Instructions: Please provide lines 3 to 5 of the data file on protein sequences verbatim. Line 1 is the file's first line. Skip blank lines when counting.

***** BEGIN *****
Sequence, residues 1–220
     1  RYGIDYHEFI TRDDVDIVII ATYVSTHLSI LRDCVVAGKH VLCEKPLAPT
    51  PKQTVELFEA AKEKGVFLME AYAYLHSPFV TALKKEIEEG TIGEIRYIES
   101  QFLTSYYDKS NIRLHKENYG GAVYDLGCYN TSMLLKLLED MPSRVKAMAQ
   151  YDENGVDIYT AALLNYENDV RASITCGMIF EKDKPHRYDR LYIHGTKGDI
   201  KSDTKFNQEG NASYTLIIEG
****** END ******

    51  PKQTVELFEA AKEKGVFLME AYAYLHSPFV TALKKEIEEG TIGEIRYIES
   101  QFLTSYYDKS NIRLHKENYG GAVYDLGCYN TSMLLKLLED MPSRVKAMAQ
   151  YDENGVDIYT AALLNYENDV RASITCGMIF EKDKPHRYDR LYIHGTKGDI